First of all, although unrealistic in today's pricing, long ago the US wine industry broke prices into several categories, based on the retail price per 750ml (standard) bottles. These are: under $3, $3-7,$7-10, $10-$14, and $14-25, and $25+.

                  No one (IMHO) can touch California wines in the lowest category. But how many people here are actually buying jug wines on a regular basis? But jug wines regularly beat the pants of French so-called "zip code" wines and their equivalents from other European countries.

                  It's when one moves UP the price scale that the US falls short. As I have often said, the best wine bargains -- even today -- come from Europe. The cost of production here in the US is much higher than in Europe for "affordable" wines (say, sub-$15 -- maybe even sub-$20), and as a result one needs to spend (again, IMHO) closer to $25-30 or more for a wine from, say, California, Oregon, or Washington to find a wine of equivalent quality from Europe -- especially Spain and Portugal! -- that costs in the $12-20 range.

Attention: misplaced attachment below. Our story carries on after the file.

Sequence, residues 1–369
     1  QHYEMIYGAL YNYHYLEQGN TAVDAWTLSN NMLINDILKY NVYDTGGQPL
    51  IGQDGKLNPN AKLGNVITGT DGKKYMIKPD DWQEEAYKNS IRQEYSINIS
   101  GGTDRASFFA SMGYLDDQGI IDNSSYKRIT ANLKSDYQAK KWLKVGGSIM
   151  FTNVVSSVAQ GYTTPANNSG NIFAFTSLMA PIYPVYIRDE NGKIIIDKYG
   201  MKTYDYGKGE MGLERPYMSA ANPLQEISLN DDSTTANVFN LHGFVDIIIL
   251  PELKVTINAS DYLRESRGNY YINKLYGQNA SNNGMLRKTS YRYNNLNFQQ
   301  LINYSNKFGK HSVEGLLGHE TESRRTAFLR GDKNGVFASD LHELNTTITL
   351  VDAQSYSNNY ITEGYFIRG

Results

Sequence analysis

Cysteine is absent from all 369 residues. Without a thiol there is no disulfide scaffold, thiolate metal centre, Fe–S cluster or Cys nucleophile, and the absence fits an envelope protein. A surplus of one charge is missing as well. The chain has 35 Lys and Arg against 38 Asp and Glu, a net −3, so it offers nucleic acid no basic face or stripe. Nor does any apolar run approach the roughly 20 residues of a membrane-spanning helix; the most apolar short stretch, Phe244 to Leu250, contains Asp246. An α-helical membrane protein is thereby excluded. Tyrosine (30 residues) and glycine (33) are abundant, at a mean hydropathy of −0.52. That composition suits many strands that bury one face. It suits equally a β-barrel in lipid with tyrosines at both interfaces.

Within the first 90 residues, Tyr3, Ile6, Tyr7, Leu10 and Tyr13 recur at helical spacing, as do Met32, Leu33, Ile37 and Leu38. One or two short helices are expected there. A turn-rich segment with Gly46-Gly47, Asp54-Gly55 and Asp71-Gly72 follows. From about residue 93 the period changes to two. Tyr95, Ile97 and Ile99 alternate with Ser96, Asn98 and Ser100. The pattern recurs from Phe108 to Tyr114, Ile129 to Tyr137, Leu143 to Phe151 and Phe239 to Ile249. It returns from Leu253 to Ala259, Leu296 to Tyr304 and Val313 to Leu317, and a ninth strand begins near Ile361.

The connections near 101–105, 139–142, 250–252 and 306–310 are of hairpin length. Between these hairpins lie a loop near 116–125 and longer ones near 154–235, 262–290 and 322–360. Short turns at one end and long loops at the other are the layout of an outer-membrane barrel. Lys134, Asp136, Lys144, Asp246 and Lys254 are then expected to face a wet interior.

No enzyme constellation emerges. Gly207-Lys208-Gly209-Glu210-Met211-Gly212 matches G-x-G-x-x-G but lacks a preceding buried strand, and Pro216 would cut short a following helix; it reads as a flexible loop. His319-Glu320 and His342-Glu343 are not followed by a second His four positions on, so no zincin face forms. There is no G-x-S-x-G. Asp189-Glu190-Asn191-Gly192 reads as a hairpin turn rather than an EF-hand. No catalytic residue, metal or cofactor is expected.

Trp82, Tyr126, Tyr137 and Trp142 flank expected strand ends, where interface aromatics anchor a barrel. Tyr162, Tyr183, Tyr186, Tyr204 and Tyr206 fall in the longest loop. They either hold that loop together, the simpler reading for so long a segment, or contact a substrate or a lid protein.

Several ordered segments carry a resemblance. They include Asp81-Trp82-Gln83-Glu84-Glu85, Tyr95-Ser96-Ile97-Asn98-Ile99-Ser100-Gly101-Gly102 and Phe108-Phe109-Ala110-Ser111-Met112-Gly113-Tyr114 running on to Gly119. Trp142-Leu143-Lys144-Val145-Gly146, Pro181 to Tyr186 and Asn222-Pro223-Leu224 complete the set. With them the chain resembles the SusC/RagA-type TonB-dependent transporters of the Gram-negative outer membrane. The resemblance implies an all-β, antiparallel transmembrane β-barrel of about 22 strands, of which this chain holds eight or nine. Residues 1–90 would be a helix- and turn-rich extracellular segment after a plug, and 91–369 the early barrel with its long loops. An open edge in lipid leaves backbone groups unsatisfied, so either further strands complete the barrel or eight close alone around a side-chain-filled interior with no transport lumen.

Just my experience . . .

                  12 Replies
                  1. re: zin1953

                    "The cost of production here in the US is much higher than in Europe for "affordable" wines . . . "


                    1. re: Chinon00